A South Carolina senator says a bill aiming to legalize the medicinal use of marijuana will not move forward until lawmakers address concerns of stakeholders.
Members of the Senate Medical Affairs subcommittee met Wednesday to discuss proposed legislation which would allow cannabis use for terminal, debilitating medical conditions such as cancer or chronic diseases that could be treated with opioids. It would allow patients to purchase up to 2 ounces (57 grams) of marijuana or its equivalent every two weeks, if prescribed by a doctor.
Lawmakers plan to amend the bill and hold it in committee until they have several more meetings to hear testimony from supporters of the bill and the medical community. They also want to hear from law enforcement officials who are hesitant to support legislation allowing marijuana for any use.
Subcommittee chairman Tom Davis of Beaufort said he heard directly from stakeholders and wants to implement their suggestions including changing the language that would make it explicitly clear that smoking cannabis would not be covered under the legislation.
“The reason why we’ve prohibited it here is again to underscore that this bill is a medical bill, and the optics of this matter,” Davis said. “It is very important that this bill not only in substance but that in appearance is more like medicine.”
The Republican lawmaker tasked committee lawmakers to focus their efforts on bill specifics, including investigating additional medical conditions that would qualify under the legislation and the financial implications of including a 6 percent sales tax at the point of sale.
“I don’t want this bill going to the full medical committee until we addressed every concern from the stakeholders,” Davis said. “I would like this document proactively put out there. I want this to be something where members of the community feel like they will be heard.”
Executive Director of the South Carolina Sheriffs’ Association Jarrod Bruder said while he welcomes the attempt by lawmakers to actively seek input from members of law enforcement, Bruder said their concerns lie within the details or lack thereof in the current version of the bill.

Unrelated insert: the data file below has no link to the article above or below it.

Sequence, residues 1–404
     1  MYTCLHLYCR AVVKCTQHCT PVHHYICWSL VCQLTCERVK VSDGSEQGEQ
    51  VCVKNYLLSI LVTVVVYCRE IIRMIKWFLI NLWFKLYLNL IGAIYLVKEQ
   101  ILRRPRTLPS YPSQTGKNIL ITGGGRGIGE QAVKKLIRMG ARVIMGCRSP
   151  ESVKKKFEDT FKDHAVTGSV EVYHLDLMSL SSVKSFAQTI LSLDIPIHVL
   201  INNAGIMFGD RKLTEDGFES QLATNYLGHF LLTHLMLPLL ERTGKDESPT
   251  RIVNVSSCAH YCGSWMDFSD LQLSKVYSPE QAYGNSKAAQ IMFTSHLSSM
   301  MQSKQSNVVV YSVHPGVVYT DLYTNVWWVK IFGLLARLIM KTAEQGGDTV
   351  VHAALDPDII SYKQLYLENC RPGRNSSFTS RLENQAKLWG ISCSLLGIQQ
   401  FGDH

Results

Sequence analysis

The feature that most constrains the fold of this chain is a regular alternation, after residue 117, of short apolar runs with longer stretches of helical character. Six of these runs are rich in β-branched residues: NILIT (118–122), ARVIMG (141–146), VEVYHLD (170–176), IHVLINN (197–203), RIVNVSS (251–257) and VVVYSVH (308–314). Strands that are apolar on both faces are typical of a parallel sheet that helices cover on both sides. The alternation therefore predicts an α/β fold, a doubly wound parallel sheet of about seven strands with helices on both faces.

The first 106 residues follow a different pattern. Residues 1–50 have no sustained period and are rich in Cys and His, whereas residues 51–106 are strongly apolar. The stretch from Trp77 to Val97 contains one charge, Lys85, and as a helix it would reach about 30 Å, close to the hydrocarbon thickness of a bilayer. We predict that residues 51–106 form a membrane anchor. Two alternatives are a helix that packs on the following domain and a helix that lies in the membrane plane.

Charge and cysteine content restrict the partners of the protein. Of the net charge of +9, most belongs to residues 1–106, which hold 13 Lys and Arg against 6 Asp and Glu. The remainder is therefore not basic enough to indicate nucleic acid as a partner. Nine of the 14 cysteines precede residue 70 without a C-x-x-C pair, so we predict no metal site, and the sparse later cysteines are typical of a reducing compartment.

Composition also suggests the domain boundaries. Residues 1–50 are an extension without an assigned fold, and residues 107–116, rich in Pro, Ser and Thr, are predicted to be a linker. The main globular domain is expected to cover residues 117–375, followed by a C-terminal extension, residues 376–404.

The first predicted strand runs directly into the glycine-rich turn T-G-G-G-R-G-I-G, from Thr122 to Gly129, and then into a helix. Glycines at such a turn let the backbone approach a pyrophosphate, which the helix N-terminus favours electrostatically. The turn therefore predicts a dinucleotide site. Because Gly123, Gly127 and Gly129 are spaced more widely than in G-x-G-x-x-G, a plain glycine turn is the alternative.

“The devil is just always in the details and having to get into these bills and dissect and figure out what exactly it does,” Bruder said. “I think if we find the unintended consequences in this stage instead of after it passes, it is going to be beneficial.”
Marygrace Hollingsworth said she lives in constant pain as a result of her neuropathy diagnosis, and chooses not to be on pharmaceuticals because of the potential side effects. There are days I can barely walk and getting out of the bed at night, I have horrible pain, the mother of three said. Hollingsworth said that after visiting the Mayo Clinic and numerous testing, she is at the point of trying to manage the pain through physical therapy.
“I feel like people need to have a choice,” Hollingsworth said. “It’s just a quality of life issue and the pain, and some people choose to live with the pain and some people choose to do the pharmaceuticals.”
Those still hesitant to back legalizing marijuana harken back to it being illegal under federal law and not regulated by the U.S. Food and Drug Administration, which has the legal authority over legal prescription medication.
“We have compassion for the people that are suffering, but to do that through what is still going to be federally illegal is something that is concerning,” Bruder said.
Lawmakers are scheduled to hold hearings about the bipartisan-backed bill in the coming weeks.
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